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Old 06-17-2014, 11:38 PM   #1
Steven Forbes
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B&N Week 182: Ghosting Panels


Welcome to another Tuesday.

I'm interrupting the flow of asking questions this week with a column that I thought I had posted, but obviously haven't. This week was going to be all about checking in to see what you've done over the past six months, to see if you've stuck to the path you laid out for yourself in January, and to check your progress. However, something much more important has to come to the fore.

I want to talk about Moving Panels and what I term “ghosting.” So, let’s get into the Bolts & Nuts of it, shall we?

Let’s backtrack a bit, and talk some about Panels, Time, and movement between them. We all know that comic panels are nothing more than slivers of captured Time. You can add more Time to a panel by making it bigger and having separate actions within it, but the easiest way to add more Time to a panel is through Dialogue. The more words you add, the more Time is added to the panel.

You can decrease Time in a panel, either by making it smaller, or by adding more panels around it.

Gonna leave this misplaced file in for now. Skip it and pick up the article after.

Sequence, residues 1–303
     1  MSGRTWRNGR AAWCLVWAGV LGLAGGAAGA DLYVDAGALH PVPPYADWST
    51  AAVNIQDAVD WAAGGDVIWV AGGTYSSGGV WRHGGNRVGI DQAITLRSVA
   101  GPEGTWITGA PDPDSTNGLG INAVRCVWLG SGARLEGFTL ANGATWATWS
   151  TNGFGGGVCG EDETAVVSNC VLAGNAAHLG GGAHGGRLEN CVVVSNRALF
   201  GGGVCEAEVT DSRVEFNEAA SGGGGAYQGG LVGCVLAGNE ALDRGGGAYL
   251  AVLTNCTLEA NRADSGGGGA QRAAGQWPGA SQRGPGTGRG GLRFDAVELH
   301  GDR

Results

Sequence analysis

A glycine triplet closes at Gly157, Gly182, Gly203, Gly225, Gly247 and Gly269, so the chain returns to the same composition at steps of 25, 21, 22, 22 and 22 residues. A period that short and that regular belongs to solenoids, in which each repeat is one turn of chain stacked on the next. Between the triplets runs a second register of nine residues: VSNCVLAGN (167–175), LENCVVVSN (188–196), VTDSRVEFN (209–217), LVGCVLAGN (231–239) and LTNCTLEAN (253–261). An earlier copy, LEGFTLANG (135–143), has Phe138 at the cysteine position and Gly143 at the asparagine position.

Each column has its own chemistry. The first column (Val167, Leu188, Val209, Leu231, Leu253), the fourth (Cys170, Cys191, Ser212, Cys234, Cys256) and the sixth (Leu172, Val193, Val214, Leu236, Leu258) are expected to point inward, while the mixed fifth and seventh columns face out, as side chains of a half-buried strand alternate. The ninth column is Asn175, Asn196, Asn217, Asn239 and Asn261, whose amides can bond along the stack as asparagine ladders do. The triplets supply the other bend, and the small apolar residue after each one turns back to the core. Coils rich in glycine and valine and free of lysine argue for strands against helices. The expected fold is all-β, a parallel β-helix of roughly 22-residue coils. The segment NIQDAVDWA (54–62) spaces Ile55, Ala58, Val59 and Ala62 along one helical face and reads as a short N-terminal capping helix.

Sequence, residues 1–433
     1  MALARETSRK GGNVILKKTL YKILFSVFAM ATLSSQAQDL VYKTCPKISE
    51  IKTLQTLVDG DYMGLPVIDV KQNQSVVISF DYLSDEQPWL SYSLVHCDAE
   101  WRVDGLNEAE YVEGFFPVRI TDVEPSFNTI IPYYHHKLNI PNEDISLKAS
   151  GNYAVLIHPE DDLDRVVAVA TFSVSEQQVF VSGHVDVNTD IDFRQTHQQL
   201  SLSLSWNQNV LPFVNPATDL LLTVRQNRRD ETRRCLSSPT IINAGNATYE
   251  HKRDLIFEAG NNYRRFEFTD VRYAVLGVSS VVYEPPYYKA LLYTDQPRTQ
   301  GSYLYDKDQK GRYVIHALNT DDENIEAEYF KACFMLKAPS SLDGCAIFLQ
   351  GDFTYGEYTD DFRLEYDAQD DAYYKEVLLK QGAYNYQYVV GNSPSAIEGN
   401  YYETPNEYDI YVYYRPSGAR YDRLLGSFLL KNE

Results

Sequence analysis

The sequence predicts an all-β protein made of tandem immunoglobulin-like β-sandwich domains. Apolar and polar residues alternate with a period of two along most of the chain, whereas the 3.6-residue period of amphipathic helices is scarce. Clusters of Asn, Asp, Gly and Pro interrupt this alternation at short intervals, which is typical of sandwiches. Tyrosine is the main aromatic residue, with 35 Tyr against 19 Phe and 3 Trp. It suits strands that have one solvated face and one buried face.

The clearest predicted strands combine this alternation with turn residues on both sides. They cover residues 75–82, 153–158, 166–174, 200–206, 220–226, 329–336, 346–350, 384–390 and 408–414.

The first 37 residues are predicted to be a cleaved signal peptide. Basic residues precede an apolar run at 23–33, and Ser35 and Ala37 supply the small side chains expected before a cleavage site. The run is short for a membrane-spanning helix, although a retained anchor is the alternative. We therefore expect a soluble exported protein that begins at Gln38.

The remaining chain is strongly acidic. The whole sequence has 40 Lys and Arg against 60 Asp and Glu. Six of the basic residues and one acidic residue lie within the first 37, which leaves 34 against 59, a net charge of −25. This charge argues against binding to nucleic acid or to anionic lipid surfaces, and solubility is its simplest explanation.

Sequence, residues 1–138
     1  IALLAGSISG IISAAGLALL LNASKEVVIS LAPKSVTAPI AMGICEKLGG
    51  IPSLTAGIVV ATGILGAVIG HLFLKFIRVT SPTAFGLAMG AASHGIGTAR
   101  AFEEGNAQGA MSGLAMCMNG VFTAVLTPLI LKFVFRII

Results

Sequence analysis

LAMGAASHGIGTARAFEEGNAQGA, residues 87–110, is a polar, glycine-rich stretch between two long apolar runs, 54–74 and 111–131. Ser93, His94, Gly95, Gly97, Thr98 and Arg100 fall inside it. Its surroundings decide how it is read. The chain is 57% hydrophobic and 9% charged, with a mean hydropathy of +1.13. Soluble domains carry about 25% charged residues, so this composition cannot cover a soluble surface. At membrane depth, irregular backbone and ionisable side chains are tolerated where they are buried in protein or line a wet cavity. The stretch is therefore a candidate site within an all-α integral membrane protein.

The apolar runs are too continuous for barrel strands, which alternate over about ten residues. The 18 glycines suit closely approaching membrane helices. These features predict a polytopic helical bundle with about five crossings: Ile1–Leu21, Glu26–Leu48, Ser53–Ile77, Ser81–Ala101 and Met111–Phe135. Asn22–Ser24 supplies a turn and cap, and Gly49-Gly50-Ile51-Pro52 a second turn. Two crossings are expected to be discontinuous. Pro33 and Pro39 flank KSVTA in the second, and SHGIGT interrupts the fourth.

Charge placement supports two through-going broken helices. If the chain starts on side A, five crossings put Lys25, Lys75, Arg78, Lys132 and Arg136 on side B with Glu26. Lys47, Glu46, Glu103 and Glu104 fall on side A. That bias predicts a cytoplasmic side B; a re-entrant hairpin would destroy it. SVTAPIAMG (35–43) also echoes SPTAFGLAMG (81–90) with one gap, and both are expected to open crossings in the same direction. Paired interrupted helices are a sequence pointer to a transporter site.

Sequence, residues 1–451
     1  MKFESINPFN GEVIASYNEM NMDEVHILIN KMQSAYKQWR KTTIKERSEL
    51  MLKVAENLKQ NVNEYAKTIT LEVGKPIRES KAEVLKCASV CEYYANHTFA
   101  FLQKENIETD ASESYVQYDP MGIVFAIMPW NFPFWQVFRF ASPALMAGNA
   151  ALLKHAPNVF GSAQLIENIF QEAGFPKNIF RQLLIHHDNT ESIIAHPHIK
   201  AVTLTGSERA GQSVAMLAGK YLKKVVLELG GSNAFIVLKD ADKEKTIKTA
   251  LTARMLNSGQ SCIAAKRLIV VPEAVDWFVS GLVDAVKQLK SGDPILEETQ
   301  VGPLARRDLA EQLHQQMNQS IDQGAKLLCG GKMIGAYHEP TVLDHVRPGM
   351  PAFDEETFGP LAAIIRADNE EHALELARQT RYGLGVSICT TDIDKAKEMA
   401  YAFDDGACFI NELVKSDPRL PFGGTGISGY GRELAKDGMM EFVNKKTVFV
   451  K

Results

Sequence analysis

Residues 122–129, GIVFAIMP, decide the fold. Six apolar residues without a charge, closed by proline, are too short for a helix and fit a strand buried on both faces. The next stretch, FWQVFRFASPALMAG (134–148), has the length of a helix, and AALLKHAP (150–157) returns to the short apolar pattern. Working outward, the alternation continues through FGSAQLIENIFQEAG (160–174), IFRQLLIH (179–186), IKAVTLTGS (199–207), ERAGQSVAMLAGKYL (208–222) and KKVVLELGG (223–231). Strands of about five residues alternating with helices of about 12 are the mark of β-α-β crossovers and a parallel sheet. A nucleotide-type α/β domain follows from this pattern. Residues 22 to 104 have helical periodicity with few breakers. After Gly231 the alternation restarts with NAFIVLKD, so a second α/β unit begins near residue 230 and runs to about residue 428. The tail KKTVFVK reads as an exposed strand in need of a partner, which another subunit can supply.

While panels hold a certain amount of Time, you generally cannot have two different actions in a single panel. Remember, we’re talking about static images, and with those static images, you have to give the illusion of movement.

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Old 06-17-2014, 11:55 PM   #2
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I am proud of myself for understanding all of this before you ever explained it.
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Old 06-18-2014, 12:06 AM   #3
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more on ghosting

I've read about tricks of the trade too, of using lines in a panel normally drawn to depict objects to help the movement along, like say the reflection lines going straight along a car's body help give the eye the sense it's moving down the road without having to resort to wiggle lines at its tail.

Also, kinda corny like Archie comics, I love the double take face, a face drawn with two angles, usually with the character going 'whaaat??'

Once in a while I've used 'Shiva hands'. A character will suddenly sprout two or four extra arms when doing some quick activity.
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Old 06-26-2014, 08:02 PM   #4
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Ghosting is an interesting technique. I feel like it's used to portray speed, but at the same time slow motion. When ever I see it, it makes me imagine a slow motion scene in a movie.

For example, if I showed a panel of a man getting shot, and in the next panel we show his hand knocking over a mug of coffee which ghosts down to a spilled mug on the floor.
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